San Antonio Symphony

If you’re looking for something to do this weekend I've been on the prowl, and have some ideas. First off, why be restrained to just staying in San Antonio when you can go interstellar? San Antonio Symphony’s President David Gross explains.

“The Symphony is presenting music from John Williams. Star Wars, Superman, ET, Raiders of the Lost Ark, Schindler’s List—all these great sound tracks.”

I asked "The dress code is going to be a bit lax this weekend?" Gross chuckled.

courtesy San Antonio Symphony

The San Antonio Symphony's weekend slate is full, but as to the music they will be playing, it may be different than you’d expect. It's going to be a lot less Bach and a lot more salsa.

“The Fiesta Pops is a series of three performances this weekend.”

Associate Conductor Akiko Fujimoto explains it.

Eric Green

In time for Valentine’s weekend, a pair of local arts institutions are performing perhaps the greatest love story of all time. We stopped by Ballet San Antonio’s practice space to speak with San Antonio Symphony’s Associate Conductor Akiko Fujimoto.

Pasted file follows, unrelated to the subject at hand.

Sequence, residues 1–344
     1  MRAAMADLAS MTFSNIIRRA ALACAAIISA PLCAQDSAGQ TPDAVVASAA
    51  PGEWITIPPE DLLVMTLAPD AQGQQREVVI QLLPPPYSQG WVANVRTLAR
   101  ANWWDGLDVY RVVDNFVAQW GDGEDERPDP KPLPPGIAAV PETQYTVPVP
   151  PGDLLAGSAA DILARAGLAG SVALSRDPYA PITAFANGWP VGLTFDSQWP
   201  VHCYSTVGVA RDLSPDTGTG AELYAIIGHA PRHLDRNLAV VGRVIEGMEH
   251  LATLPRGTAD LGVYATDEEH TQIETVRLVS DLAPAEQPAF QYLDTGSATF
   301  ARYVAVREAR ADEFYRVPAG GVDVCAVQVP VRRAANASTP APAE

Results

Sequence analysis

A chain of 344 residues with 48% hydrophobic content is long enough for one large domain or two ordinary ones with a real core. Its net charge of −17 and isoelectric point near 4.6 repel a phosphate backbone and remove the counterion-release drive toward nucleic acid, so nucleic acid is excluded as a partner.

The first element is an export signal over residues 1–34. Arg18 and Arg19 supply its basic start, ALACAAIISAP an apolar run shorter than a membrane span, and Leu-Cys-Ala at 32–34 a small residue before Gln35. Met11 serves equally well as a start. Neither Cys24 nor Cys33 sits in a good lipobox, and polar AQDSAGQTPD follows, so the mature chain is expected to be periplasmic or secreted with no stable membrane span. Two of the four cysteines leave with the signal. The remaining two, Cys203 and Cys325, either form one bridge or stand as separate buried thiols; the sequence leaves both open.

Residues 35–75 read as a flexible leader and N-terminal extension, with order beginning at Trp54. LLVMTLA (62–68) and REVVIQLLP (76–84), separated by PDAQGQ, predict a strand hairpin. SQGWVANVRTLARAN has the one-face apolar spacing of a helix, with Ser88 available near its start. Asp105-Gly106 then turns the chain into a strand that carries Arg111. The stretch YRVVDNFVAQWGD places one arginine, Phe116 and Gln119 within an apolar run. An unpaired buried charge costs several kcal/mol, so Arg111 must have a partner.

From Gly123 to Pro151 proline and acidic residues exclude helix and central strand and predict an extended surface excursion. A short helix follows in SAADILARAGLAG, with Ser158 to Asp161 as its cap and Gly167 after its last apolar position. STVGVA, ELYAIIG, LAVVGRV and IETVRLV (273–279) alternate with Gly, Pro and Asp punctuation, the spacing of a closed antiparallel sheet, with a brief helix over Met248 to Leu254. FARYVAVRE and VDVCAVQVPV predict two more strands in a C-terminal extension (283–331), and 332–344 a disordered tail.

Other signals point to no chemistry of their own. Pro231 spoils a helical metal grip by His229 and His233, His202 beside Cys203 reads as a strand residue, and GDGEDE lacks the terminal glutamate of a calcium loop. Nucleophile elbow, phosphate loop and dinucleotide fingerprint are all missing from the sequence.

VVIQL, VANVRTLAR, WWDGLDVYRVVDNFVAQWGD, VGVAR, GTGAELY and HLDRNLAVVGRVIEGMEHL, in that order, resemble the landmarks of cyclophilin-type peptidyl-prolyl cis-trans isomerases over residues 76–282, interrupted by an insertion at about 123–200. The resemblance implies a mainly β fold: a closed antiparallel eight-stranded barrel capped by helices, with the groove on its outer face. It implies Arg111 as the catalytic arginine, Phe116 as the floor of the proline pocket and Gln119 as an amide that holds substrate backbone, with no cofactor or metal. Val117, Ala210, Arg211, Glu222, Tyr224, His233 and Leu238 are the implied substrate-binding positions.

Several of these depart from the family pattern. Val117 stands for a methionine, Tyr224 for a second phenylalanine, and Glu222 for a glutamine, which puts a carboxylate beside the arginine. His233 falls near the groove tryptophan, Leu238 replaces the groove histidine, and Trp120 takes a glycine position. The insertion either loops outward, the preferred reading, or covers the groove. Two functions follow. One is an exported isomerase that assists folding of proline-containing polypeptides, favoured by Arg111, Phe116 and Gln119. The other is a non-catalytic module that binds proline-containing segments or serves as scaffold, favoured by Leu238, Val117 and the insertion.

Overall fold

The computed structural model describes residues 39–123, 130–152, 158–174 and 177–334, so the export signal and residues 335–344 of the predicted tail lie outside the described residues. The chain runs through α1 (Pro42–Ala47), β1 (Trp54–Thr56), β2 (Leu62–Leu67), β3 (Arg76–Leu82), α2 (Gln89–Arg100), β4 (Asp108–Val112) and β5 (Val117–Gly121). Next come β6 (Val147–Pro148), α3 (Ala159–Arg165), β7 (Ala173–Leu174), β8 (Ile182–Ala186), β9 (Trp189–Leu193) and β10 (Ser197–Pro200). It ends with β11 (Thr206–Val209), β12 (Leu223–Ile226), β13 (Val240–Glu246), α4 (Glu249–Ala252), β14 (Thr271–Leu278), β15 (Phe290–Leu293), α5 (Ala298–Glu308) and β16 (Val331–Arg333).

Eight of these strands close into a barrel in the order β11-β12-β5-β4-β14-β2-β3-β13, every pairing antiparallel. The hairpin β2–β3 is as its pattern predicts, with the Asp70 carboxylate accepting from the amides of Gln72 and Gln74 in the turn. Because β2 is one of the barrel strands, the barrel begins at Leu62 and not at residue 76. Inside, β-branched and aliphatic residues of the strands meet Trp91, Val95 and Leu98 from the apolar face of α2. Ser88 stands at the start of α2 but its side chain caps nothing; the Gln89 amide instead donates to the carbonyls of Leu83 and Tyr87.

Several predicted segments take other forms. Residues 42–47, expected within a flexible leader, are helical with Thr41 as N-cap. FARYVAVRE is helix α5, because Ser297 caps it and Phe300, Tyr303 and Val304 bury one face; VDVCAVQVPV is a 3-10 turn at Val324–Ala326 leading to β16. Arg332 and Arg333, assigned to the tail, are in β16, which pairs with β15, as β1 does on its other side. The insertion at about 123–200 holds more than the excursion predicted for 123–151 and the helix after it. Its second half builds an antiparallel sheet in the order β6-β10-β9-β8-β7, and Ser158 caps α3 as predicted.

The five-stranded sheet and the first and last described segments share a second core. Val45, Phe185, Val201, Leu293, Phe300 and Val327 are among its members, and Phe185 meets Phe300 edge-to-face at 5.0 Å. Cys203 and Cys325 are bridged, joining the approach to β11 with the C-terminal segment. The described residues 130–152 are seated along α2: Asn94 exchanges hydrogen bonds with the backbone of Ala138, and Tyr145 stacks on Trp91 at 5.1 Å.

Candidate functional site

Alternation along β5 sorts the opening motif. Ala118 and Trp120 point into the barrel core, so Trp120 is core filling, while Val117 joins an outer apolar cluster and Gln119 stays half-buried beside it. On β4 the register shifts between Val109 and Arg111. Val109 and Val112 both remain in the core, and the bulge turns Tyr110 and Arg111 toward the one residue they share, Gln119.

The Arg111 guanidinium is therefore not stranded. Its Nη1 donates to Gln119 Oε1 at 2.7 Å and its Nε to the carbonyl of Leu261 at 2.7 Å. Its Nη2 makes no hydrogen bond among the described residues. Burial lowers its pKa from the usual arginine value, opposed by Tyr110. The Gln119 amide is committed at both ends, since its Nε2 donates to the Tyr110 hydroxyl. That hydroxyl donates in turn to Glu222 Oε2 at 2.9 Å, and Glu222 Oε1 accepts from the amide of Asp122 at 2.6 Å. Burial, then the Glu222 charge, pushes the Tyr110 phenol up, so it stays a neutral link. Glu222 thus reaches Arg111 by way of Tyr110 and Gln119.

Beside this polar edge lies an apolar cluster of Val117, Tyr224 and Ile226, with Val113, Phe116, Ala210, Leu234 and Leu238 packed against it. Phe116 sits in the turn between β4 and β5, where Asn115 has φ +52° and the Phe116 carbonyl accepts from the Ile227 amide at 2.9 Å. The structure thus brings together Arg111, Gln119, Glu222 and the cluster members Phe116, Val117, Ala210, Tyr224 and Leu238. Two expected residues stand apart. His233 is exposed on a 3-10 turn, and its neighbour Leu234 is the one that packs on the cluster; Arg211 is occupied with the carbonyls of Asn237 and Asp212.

“The symphony will be performing with Ballet San Antonio Prokofiev’s great ballet Romeo and Juliet.   Prokofiev has a great way of depicting both romance and tragedy, which are the two key ingredients of the story of Romeo and Juliet.”

She says the composer has interesting ways of taking hold of your emotions.

Chance James

The San Antonio Symphony’s Strauss Festival has been their focus for the past month, but on Saturday night it comes to an end.

“This weekend is our final part to our Strauss Festival.”

The Strauss Festival that Concertmaster Eric Gratz is talking about the symphony’s yearly focus on a single composer.

“It’s sort of your one last chance to get the whole spectrum of Strauss’s music.”

I asked “Is it a particularly challenging part for you—you’ve got solos throughout, right?”

Magaret Malandruccolo/Deutsche Grammophon

The San Antonio Strauss Festival continues this week with something quite special — violinist Daniel Hope. His back story is nothing if not fascinating.

“My whole family has, in a sense, been touched by exile. My father, who was a writer, is very anti-apartheid, and we were forced to leave the country when I was a baby.”

That country was South Africa, and the family took root in London, where Hope began playing the violin as a young boy. But his interests didn’t stop with music.

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